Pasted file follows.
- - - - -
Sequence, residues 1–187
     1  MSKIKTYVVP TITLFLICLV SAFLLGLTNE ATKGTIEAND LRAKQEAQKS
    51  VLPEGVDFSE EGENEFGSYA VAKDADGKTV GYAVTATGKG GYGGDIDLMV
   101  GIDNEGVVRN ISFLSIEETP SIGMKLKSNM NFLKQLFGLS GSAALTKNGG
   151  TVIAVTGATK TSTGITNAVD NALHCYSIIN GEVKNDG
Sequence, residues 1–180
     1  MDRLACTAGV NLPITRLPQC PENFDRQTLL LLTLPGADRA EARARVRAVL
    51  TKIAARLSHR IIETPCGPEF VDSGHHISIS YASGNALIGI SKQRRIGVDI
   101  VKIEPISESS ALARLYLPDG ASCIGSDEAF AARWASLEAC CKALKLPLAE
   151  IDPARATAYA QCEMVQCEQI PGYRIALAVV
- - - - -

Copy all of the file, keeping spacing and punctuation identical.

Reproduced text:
Sequence, residues 1–187
     1  MSKIKTYVVP TITLFLICLV SAFLLGLTNE ATKGTIEAND LRAKQEAQKS
    51  VLPEGVDFSE EGENEFGSYA VAKDADGKTV GYAVTATGKG GYGGDIDLMV
   101  GIDNEGVVRN ISFLSIEETP SIGMKLKSNM NFLKQLFGLS GSAALTKNGG
   151  TVIAVTGATK TSTGITNAVD NALHCYSIIN GEVKNDG
Sequence, residues 1–180
     1  MDRLACTAGV NLPITRLPQC PENFDRQTLL LLTLPGADRA EARARVRAVL
    51  TKIAARLSHR IIETPCGPEF VDSGHHISIS YASGNALIGI SKQRRIGVDI
   101  VKIEPISESS ALARLYLPDG ASCIGSDEAF AARWASLEAC CKALKLPLAE
   151  IDPARATAYA QCEMVQCEQI PGYRIALAVV